2.6.6. Intervention Documentation and Assessment of Adherence

Applied BCTs are documented and coded by the coaches after each coaching session. In addition, the duration, date and time of each session is recorded.
The adherence of participants to the intervention is assessed in two ways. First, the engagement of participants is assessed based on their personal profile. The amount of active edits of each participant within the personal profile is recorded (e.g., entering a planned PA). Second, the completeness of intervention delivery is assessed by documenting date, duration and number of attended coaching sessions. Thereby the subcategories “standard”, “not standard”, “non-usage attrition”, and “dropout” are distinguished [54]. A total of 12 coaching sessions with up to two interruptions of maximum four weeks between two coaching sessions and an overall intervention duration of 22 (norm) to 26 weeks are considered as standard. Participants who stop the coaching (non-usage attrition) are asked for possible reasons and asked to still participate in the post and follow-up-tests. Individuals lost to post and follow-up-tests are considered as dropouts.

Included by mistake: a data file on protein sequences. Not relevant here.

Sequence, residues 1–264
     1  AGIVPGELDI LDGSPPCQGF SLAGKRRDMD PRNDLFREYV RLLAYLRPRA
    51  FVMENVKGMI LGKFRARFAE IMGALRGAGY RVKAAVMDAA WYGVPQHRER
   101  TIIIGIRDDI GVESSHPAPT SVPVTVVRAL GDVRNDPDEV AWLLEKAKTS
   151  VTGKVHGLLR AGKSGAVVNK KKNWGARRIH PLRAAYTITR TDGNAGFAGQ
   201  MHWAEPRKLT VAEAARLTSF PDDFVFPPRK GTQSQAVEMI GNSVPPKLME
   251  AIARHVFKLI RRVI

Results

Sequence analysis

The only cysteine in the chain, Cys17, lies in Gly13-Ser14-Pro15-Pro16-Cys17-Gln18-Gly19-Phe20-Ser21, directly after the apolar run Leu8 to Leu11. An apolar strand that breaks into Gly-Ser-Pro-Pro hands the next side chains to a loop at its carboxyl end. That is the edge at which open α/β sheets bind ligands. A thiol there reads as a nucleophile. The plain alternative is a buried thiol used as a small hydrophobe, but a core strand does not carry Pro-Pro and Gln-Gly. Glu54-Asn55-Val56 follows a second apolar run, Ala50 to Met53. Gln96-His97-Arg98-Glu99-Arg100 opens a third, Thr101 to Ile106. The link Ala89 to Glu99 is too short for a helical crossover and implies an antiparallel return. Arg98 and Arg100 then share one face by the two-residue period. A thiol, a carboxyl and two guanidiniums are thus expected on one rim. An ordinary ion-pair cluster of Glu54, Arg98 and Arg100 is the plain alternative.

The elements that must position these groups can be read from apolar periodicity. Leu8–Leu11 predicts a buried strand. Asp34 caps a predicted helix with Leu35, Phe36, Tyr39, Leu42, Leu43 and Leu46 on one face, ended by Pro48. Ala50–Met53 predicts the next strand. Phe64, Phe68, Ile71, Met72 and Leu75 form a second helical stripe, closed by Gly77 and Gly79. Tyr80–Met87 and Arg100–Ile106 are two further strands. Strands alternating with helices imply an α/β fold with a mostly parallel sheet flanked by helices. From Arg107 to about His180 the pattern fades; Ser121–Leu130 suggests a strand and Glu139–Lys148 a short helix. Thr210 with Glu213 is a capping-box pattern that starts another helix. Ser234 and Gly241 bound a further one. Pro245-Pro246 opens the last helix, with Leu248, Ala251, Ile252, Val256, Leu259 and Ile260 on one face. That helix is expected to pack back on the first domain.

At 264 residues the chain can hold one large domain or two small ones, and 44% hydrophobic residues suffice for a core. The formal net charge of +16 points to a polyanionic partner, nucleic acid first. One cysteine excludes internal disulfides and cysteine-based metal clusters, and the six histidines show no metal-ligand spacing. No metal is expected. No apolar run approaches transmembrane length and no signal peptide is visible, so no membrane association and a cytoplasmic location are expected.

2.6.7. Minimal Intervention (Control Group)

Participants allocated to the minimal intervention group receive a single written recommendation about health-enhancing PA at the beginning of the intervention. The recommendation is tailored individually and covers information on all main BCTs. An exemplary PA plan and an explanation on how to adapt the plan is included. Participants in this group are asked to follow the recommendation, to self-monitor and plan their PA within their profile on the homepage and by doing so increase PA gradually during the intervention period. Recommendations are written by the coaches within a predefined template. Participants receive their recommendation as a PDF by e-mail and it is inserted on the note board within the personal profile. Participants in the minimal intervention group only have contact with the study team during data assessments.

2.7. Assessment of Primary and Secondary Outcomes

The assessment of primary and secondary outcomes is conducted without on-site presence of participants. Self-reported and objectively assessed PA level of one week, theoretical domains of PA as well as health and wellbeing-related variables are assessed in the pre, post and follow-up tests. After 3 months of intervention all participants are asked to answer a feedback questionnaire. Personal data and socio-demographic information are assessed during the inclusion procedure. Measures of all test periods are displayed in Table 4.

2.7.1. Self-Reported Physical Activity